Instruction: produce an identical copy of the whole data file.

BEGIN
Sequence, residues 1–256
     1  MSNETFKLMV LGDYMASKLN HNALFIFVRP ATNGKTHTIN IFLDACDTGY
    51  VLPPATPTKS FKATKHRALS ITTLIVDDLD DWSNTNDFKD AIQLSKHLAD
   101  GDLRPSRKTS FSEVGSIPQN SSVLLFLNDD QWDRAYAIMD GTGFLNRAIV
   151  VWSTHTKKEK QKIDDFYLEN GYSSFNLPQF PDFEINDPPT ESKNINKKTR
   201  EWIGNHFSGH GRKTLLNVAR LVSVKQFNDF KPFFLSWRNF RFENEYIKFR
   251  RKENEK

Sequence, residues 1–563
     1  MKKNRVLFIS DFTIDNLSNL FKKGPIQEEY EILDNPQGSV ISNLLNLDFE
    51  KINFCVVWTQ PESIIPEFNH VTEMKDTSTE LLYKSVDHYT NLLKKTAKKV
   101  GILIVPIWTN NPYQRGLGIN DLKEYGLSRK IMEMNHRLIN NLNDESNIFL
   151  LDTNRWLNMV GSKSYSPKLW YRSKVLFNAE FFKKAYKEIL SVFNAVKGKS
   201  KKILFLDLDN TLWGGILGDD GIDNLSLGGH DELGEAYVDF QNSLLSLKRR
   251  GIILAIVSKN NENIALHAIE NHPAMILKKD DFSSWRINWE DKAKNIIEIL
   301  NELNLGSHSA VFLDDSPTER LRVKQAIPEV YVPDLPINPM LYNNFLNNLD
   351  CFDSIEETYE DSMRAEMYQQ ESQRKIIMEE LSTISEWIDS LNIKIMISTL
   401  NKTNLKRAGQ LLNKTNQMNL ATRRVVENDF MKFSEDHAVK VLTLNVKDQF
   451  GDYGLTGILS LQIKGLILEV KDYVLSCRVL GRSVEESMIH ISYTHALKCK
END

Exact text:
Sequence, residues 1–256
     1  MSNETFKLMV LGDYMASKLN HNALFIFVRP ATNGKTHTIN IFLDACDTGY
    51  VLPPATPTKS FKATKHRALS ITTLIVDDLD DWSNTNDFKD AIQLSKHLAD
   101  GDLRPSRKTS FSEVGSIPQN SSVLLFLNDD QWDRAYAIMD GTGFLNRAIV
   151  VWSTHTKKEK QKIDDFYLEN GYSSFNLPQF PDFEINDPPT ESKNINKKTR
   201  EWIGNHFSGH GRKTLLNVAR LVSVKQFNDF KPFFLSWRNF RFENEYIKFR
   251  RKENEK

Sequence, residues 1–563
     1  MKKNRVLFIS DFTIDNLSNL FKKGPIQEEY EILDNPQGSV ISNLLNLDFE
    51  KINFCVVWTQ PESIIPEFNH VTEMKDTSTE LLYKSVDHYT NLLKKTAKKV
   101  GILIVPIWTN NPYQRGLGIN DLKEYGLSRK IMEMNHRLIN NLNDESNIFL
   151  LDTNRWLNMV GSKSYSPKLW YRSKVLFNAE FFKKAYKEIL SVFNAVKGKS
   201  KKILFLDLDN TLWGGILGDD GIDNLSLGGH DELGEAYVDF QNSLLSLKRR
   251  GIILAIVSKN NENIALHAIE NHPAMILKKD DFSSWRINWE DKAKNIIEIL
   301  NELNLGSHSA VFLDDSPTER LRVKQAIPEV YVPDLPINPM LYNNFLNNLD
   351  CFDSIEETYE DSMRAEMYQQ ESQRKIIMEE LSTISEWIDS LNIKIMISTL
   401  NKTNLKRAGQ LLNKTNQMNL ATRRVVENDF MKFSEDHAVK VLTLNVKDQF
   451  GDYGLTGILS LQIKGLILEV KDYVLSCRVL GRSVEESMIH ISYTHALKCK